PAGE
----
This is a story about a girl, staring at a million internet browser tabs, wishing for one to present a cheesecake recipe that doesn’t fill her with dread.
It is true that I document and recall historical moments in my own life using the “B.C.” epoch. Before Cheesecake.
My aversion for creamy white condiments is something I still grapple with. Club sandwiches are ordered frequently and always dry. Chipotle creations are expedited due to the absence of sour cream. And while I will always prefer piles of melted butter on my bagels (and convulse at the smell of a nearby knife that’s touched cream cheese), life Before Cheesecake was, admittedly, incomplete.
Luckily, high school brought a number of changes and newly acquired tastes: for coffee. for Dylan. for cheesecake.
Just like you need to fill your inaugural cups of coffee with gingerbread creamer before taking it black, just like you need to let the grandeur of “Like a Rolling Stone” wash over you hundreds of times before being able to appreciate “Simple Twist of Fate,” you need to ease into cheesecake. Chocolate and peanut butter and raspberry swirls do a sufficient job of masking any sensory trace of cream cheese.
After a while, I was well-adjusted enough to enjoy true strawberry cheesecake at the only establishment worth paying $12 a slice for.
But ever since I came around to the realization that cheesecake is wonderful, worthwhile fare, I’d wanted to make one myself. Research yielded treacherous terminology like “springform pan” and “water bath.”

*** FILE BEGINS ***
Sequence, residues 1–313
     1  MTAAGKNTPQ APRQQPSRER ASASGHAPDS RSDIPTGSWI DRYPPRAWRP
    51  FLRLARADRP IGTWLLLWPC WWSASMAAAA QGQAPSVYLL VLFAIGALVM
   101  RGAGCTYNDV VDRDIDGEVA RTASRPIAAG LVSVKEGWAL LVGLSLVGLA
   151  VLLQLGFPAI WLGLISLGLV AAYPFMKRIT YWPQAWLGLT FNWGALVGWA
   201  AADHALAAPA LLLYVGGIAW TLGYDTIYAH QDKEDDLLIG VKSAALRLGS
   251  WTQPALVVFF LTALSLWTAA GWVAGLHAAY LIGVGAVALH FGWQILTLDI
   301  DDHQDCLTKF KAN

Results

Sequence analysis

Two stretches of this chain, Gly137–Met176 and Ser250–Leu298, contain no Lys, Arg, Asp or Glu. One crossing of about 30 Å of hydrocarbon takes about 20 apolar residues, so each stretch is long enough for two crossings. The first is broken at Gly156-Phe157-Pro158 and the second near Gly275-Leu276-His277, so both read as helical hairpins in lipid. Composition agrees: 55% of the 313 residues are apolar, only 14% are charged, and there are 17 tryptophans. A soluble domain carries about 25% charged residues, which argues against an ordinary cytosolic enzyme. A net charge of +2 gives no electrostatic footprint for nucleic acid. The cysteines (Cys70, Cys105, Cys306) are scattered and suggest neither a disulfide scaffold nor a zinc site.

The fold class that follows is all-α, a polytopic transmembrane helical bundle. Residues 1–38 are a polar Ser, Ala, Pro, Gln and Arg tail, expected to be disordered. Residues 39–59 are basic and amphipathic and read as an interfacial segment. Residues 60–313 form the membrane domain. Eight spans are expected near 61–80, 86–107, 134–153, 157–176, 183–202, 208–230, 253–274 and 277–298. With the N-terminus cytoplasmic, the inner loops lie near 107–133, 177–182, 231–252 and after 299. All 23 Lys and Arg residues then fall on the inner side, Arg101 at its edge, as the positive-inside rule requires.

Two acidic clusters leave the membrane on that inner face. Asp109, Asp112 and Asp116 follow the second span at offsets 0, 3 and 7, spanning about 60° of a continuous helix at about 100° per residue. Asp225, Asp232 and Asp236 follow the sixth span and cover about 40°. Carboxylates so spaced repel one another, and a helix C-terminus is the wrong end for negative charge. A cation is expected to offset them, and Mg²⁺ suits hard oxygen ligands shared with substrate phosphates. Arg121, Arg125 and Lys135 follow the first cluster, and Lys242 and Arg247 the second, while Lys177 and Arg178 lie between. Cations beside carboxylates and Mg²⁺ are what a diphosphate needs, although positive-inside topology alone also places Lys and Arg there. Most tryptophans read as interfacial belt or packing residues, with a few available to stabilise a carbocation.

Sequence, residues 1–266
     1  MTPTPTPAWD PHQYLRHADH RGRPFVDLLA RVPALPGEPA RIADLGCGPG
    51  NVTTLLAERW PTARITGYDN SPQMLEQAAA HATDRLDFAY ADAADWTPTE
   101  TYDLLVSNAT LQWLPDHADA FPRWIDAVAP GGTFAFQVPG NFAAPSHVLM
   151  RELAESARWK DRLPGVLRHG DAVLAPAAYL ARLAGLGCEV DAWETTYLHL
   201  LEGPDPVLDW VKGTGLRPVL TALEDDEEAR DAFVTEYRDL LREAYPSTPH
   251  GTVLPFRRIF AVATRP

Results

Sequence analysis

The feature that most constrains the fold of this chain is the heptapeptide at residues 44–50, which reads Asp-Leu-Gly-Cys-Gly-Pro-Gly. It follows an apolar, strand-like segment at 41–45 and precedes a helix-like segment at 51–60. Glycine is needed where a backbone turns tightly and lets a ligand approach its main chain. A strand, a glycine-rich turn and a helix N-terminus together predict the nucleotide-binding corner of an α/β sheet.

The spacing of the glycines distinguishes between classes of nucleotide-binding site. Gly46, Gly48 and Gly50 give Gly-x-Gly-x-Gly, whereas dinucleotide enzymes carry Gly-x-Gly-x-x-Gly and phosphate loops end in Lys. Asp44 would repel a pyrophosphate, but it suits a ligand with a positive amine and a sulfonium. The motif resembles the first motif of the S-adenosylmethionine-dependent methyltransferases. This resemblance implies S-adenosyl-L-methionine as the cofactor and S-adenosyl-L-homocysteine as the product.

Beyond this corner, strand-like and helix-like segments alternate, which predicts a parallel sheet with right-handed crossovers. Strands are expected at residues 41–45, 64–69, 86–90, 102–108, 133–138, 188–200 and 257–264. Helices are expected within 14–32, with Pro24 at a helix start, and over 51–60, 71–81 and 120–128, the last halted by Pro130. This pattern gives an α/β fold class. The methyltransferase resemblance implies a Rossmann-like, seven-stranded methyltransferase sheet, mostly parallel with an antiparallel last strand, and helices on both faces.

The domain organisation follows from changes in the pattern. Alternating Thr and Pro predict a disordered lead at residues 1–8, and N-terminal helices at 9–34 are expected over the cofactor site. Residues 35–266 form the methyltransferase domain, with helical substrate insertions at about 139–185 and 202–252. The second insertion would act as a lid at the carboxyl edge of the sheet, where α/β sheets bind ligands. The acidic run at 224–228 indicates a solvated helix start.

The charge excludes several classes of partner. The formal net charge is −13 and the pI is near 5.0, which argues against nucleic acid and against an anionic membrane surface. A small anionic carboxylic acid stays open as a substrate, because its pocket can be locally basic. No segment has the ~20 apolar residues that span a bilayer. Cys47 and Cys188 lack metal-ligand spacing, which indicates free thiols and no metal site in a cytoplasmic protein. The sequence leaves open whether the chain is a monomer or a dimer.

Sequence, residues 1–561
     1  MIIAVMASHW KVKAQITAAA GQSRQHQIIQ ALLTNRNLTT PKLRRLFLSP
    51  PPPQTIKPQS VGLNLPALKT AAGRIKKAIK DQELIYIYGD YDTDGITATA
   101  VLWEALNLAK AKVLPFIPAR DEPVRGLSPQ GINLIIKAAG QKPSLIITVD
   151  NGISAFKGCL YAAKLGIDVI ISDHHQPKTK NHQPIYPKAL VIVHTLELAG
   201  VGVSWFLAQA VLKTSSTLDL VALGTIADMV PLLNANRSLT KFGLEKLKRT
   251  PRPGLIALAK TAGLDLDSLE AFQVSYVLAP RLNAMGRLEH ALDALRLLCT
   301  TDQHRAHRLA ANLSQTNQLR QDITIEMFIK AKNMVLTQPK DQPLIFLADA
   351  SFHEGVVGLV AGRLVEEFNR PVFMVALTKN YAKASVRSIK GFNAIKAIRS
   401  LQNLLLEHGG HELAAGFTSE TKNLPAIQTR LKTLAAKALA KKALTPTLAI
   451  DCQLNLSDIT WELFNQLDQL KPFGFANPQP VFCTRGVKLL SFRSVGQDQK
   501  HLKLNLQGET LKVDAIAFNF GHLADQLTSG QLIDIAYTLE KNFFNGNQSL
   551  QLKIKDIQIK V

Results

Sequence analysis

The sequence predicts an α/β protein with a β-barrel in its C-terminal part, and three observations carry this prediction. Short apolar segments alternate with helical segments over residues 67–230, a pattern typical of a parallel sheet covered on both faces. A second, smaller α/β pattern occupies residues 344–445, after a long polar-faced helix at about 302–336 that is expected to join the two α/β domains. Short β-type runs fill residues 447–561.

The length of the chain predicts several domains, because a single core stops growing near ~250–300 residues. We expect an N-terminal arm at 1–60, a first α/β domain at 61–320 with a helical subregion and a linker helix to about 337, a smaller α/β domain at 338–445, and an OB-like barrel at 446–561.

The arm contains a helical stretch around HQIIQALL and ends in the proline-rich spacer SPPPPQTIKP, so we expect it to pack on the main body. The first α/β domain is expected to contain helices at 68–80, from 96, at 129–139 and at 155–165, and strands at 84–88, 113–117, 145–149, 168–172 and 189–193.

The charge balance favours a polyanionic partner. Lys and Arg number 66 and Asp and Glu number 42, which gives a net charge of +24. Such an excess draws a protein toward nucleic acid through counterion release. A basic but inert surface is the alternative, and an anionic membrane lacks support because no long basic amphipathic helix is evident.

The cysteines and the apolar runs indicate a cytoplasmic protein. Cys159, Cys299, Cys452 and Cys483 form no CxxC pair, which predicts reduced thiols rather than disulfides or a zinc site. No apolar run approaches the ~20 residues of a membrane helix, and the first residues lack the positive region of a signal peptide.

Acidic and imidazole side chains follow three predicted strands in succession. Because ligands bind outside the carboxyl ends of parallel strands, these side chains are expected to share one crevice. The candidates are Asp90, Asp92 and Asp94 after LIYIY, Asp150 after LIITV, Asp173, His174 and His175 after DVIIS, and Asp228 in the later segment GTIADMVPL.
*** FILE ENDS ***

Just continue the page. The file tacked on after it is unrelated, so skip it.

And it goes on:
Not until after college could I finally say out loud that maybe the strange, multi-component pan would be a worthwhile investment, an accomplishable feat. On my 21st Christmas, my dream came true – underneath a gift bag filled with cookbooks and Pitch Perfect, my own springform pan. I waited at least six months before building up the mental and emotional fortitude to use it.
People will tell you that cheesecake is unforgiving. What if it cracks! What if it sinks! What if it burns!
It probably won’t sink. You bake this low and slow so burning is a rarity. If you’re human, it probably will crack. But that’s what fruit and melted chocolate and other toppings are for.
Life is too short to spend most of it in the B.C. era.
Makes 1 cheesecake. Adapted from A Beautiful Mess.
1 c crushed graham crackers
1/4 c unsalted melted butter
5 (8 oz) packages of PHILADELPHIA cream cheese (bring it to room temperature before starting, unless you’re working on your biceps)
1 3/4 c sugar
2 tbsp flour
2 tsp vanilla extract
5 eggs + 2 egg yolks
1/3 c milk
1 1/2 tsp lemon zest
1/3 c water
1/3 c sugar
32 oz fresh strawberries (=2 standard packages)
For the crust, pulverize the grahams in a food processor or blender (or in a sealed sandwich bag with a rolling pin.) Stir in the melted butter until it forms a sandy paste, then press the crust into the bottom of a greased springform pan.
Preheat the oven to 325°F. In a large bowl, mix together the softened cream cheese, sugar, flour and vanilla until well combined and fluffy. Gently stir in the eggs and yolks until just combined. Stir in the milk and lemon zest. Pour the batter over the prepared crust and bake for 1.5 hours. Let it cool for 15-20 minutes before refrigerating.
While the cake is baking or even once it’s cooled and in the refrigerator, start the topping. Chop the tops off of all the strawberries, and set 15-16 aside set aside for the very last step. In a small pot combine the water, sugar and remaining strawberries and cook over low heat. Mash the strawberries into a paste and allow the mixture to simmer until the liquid reduces just a bit. Remove from heat and allow to cool. Reserve about 1/4 of the liquid.
Once the cheesecake has chilled for a little while, spread the strawberry “preserves” over the top. Arrange the 15-16 fresh berries around the surface as you see fit, and drizzle the saved liquid over it to coat them. Pop the cake back in the refrigerator and serve cold.